Tinea infections are commonly called ringworm because some may form a ring-like pattern on affected areas of the body. Tinea corporis, also known as ringworm of the body, tinea circinata, or simply as ringworm, is a surface (superficial) fungal infection of the skin. Ringworm may be passed to humans by direct contact with infected people, infected animals (such as kittens or puppies), contaminated objects (such as towels or locker room floors), or the soil.There are several kinds of ringworm, including:Majocchi's granuloma, a deeper fungal infection of skin, hair, and hair follicles. It is most common in women who shave their legs. Tinea corporis gladiatorum, a special name given to ringworm spread by skin-to-skin contact between wrestlers. Tinea imbricata, a form of ringworm seen in Central and South America, Asia, and the South Pacific.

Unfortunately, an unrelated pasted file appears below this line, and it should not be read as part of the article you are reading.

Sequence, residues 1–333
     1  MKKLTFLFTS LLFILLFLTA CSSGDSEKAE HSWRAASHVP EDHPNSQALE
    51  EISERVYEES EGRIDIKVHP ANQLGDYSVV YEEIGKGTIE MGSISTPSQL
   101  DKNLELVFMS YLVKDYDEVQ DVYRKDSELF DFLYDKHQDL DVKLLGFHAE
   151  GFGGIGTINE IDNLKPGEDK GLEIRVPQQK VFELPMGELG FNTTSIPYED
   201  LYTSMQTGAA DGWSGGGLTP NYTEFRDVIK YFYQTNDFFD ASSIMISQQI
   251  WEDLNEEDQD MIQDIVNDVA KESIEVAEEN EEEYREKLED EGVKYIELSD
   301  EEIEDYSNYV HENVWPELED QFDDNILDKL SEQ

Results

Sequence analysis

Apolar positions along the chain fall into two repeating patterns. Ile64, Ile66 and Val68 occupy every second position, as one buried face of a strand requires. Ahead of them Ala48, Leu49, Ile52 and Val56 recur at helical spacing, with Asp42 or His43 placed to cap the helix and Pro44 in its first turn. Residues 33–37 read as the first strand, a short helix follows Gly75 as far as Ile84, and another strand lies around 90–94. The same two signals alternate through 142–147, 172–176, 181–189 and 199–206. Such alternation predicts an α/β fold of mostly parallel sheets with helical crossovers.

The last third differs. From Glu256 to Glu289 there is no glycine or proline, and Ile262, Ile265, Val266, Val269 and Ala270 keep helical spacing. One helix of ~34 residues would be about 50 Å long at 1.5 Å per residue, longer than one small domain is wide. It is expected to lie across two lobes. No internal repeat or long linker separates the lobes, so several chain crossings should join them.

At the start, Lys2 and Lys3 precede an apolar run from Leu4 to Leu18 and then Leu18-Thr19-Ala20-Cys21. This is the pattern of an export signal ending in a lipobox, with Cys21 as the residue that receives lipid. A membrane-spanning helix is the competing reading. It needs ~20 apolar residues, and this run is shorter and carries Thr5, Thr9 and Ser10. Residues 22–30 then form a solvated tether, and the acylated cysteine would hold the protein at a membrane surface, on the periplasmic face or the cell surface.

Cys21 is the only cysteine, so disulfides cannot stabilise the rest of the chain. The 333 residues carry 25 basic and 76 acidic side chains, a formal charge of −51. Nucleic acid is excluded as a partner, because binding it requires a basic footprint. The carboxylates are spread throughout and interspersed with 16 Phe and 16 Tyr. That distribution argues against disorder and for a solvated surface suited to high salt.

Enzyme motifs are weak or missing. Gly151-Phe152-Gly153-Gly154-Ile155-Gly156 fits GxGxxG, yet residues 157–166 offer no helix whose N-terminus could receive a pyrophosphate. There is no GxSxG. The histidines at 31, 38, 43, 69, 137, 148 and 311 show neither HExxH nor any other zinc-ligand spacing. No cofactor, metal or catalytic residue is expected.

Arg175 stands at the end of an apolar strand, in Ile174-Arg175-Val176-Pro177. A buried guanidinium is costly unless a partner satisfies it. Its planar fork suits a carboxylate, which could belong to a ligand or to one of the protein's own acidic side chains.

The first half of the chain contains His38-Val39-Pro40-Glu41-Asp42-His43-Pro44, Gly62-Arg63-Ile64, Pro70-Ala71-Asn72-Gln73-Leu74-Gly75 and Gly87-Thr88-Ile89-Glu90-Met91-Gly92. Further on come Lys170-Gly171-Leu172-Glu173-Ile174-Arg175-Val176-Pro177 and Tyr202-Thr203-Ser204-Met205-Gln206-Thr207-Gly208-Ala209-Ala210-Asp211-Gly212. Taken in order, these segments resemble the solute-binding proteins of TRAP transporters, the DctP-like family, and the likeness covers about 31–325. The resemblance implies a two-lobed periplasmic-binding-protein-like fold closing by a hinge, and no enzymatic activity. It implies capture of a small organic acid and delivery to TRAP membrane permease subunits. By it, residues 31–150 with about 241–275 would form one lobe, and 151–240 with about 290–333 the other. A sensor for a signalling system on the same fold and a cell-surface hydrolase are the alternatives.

Tinea capitis is the medical term for ringworm, a very common fungal infection, of the scalp. Despite the name, there are no worms involved in scalp ringworm, rather the rash forms a scaly, round patch that sometimes clears or improves in the middle, thus looking like a ring. Ringworm can occur on other parts of the body, but scalp ringworm is commonly seen in children. It is contagious and is acquired by contact with infected people, animals, or objects (such as towels, combs, and pillows). Scalp ringworm should be treated (by a prescription medicine your doctor can prescribe) because it is contagious and because, if left untreated, the affected area can develop hair loss and sometimes another, more serious, infection called a kerion.